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Ford Testing Assembly Line Robots To Help Humans Build Cars And Make Coffee

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Ford Motor Company revealed that it is testing an assembly line robot that assists human line workers through difficult tasks.

Workers make use of collaborative robots (co-bots, for friends) to fit shock absorbers to Fiesta cars in the factory in Cologne, Germany. The robotic assistance comes in handy for ensuring the perfect fit of the automotive parts and also helps workers deal with hard‑to‑reach places.

Prior to deploying the co-bots, it was up to the workers to juggle the shocks and tools to the shock absorbers, but the mechanized help makes the toil much easier.

The robots, which were co-developed by Ford and German robotics company KUKA Roboter GmbH, are built with two goals in mind: to help the assembly workers and offer extra design freedom.

The robots come packed with position-sensing technology that locates where the human worker sits and stands in the vicinity to provide help. The sensors are crafted so that they recognize the more "squishy" parts of the human body, such as fingers. This helps prevent accidents among the human workers.

The robots are able to do some heavy lifting, but Ford explains that they are fully programmable for more delicate tasks as well. According to the carmaker, the co-bots could even make coffee.

Ford makes clear that the co-bots make the vehicle assembly line a safer, faster and high-quality work environment. They also reduce fatigue and stress for the human employees, which is an added bonus.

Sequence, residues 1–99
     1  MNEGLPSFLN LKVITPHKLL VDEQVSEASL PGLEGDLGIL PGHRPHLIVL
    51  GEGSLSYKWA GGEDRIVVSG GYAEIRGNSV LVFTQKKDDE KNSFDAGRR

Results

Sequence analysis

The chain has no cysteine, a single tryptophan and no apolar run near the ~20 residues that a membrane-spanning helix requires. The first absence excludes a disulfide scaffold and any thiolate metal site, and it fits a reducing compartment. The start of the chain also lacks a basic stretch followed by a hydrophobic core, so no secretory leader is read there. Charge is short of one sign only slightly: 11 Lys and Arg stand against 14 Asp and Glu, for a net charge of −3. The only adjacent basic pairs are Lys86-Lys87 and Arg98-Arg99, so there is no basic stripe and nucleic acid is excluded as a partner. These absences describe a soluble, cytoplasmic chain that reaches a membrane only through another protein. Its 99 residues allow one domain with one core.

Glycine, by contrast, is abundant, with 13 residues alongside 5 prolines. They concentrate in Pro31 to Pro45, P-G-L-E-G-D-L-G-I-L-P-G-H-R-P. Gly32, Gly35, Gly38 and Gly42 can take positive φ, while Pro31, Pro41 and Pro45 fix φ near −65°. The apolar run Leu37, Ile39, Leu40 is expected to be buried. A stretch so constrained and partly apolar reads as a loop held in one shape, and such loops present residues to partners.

"Working overhead with heavy air-powered tools is a tough job that requires strength, stamina and accuracy. The robot is a real help," says Ngali Bongongo, a worker at Ford's plant in Cologne.

The 3-foot-tall robots are only present at the factory in Cologne but the future might see them expand their presence. Insiders from the manufacturing and labor communications department state that Ford is looking at bringing similar co-bots to North American assembly lines.

Ford is not the first company in Germany to put robotics to work. Last year, we told you about a robotic arm that BMW is using in its assembly lines, as well.

Automotive fans should pay heed to Karl Anton, the leader of vehicle operations at Ford Europe.

"Robots are [...] complementing our employees with abilities that open up unlimited worlds of production and design for new Ford models," he notes.

Albeit not elaborating on the detailed ways in which these robots could affect car design, the promise is great for both designers and engineers. The fact that neither designers nor engineers have to compromise for the physical limits of human workers opens up unprecedented possibilities for imagining and building the cars of tomorrow.

Check out the video below to see the robot activity in full swing.

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